Recent high school graduates hardly had time to hang up their commencement gowns and frame their diplomas before having to think seriously about the transition to life at a college or university. With that in mind, the Moorestown High School Counseling Department held its annual College Transition Night program in June. The featured speakers this year were Jan Friedman-Krupnick, Assistant Vice President for Student Affairs at Rider University, and Lisa Walko, School Nurse at Moorestown High School. A frequent speaker in past years has been Francine Block, an independent consultant with American College Counseling Services in Bucks County, Pennsylvania. The tips and suggestions offered here represent the combined experience and expertise of these regional experts on the school-to-college transition. This is the first in a three part series on preparing for the transition to college life. Subsequent articles will focus first on finances at college and then on the emotional issues associated with the process of “Letting Go.”
One of the first tips experts advise parents to do is to “Let the students do the packing.” They know what they will wear and what they will not. However, parents may think of considerations that students will not. For example, if headed north to college, students should pack a heavier jacket and some light sweaters even though it might be 95 degrees on move-in day at the dorm. October mornings may be chilly in New England and the upper Midwest, while snow might come early in Syracuse and Ithaca. Many students count on the trip home at Thanksgiving to pick up warmer clothes for winter. If Thanksgiving will be the first trip home, students headed north may want to pack early for cooler weather.
Think about sending two laundry bags in different colors with the student. We know, you are thinking one bag is for colors and the other for whites and lights, right? Wrong. One bag will be for dirty clothes and the other for clean. It is widely rumored that some college students don’t fold their clothes after returning from the laundry. Don’t forget clothes hangers for the dormitory closet. Many colleges do not supply them.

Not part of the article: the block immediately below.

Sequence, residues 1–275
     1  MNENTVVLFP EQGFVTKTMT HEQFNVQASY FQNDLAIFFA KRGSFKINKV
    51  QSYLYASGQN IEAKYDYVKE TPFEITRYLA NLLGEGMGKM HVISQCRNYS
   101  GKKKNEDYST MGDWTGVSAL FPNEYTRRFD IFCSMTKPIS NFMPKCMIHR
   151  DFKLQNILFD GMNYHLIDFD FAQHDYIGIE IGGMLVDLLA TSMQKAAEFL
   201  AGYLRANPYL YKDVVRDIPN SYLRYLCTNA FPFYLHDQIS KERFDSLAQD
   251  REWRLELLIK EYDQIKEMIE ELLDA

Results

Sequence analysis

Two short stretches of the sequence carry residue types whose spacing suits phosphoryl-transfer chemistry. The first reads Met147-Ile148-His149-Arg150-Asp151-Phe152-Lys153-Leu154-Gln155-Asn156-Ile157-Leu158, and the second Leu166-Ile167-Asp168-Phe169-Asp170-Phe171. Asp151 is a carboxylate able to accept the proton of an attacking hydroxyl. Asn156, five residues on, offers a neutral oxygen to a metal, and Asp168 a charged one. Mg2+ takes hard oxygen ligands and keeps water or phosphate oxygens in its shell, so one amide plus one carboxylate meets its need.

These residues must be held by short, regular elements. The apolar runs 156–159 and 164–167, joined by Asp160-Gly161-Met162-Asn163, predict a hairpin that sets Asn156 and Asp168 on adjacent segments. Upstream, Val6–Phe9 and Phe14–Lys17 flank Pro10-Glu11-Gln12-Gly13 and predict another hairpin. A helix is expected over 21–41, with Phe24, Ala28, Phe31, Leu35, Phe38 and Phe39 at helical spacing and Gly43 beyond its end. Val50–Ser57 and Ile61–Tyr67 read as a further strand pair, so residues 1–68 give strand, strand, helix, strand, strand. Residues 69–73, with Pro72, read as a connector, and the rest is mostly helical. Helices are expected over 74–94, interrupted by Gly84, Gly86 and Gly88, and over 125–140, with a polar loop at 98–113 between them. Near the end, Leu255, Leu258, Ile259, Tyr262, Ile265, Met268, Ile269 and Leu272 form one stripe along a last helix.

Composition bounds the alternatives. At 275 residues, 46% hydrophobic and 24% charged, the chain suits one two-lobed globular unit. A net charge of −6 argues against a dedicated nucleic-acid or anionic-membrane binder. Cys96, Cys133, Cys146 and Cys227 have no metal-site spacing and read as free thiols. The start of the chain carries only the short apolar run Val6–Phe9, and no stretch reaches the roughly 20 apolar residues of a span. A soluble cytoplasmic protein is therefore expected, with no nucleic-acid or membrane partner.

Be sure to send along several rolls of quarters for doing laundry. Some colleges are now set up to allow students to swipe their ID cards to use the washers and dryers. Speaking of laundry, August is a good time to provide the soon-to-be college freshman with some on-the-job training in the use of the washer and dryer at home. Students can learn how to use a stain stick and other special techniques. Remember to send a clothing marker along to college, as jeans and sweats all look alike in the laundramat.
Send along plastic organizing boxes for dormitory closets. One can be used for paper goods, another for a mini-pharmacy (band-aids, mouthwash, cold medicines, and aspirin), and so on. Be sure to label sheets and towels with the student’s name. If possible, get the measurements of dormitory beds in advance, as some colleges have extra-long beds. Some stores sell blocks for raising dormitory beds up for additional storage underneath. Use garbage bags rather than boxes for some of the off-season clothing storage. A lot more can be packed in them and they are more easily compressed into tight spaces. Send both a small and medium suitcase (collapsible, if possible) for weekends and road trips.
Stay away from halogen pole lights for dorm rooms. These are known fire hazards when t-shirts or towels are thrown across them. Call and ask…For example, will there be an overhead light in the room? What about towel racks, mirrors, and bulletin boards. One or two surge protectors with multiple electric outlets may prove helpful. Sometimes the wall outlets are inaccessible behind dorm room furniture.
Parents who plan to attend Parents’ Weekend and who will need reservations in a hotel near the college, should make them now. Hotel rooms fill quickly for special events such as home athletic activities, Home Coming, and Parents’ Weekends. Families with small cars who will need extra room for move-in weekend sometimes consider renting a trailer. If a trailer is a necessity for you, reservations should be made immediately. It may already be too late. Trailers are in high demand during the month of August. Act soon! Looking ahead to the sophomore year, it may be more efficient to simply rent a storage unit near the college for the summer of 2009.
Congratulations to our recent high school graduates and best wishes for lots of success in college. Watch for the next article, which will address some of the personal finance considerations to be addressed as future freshmen prepare to make the transition to college life.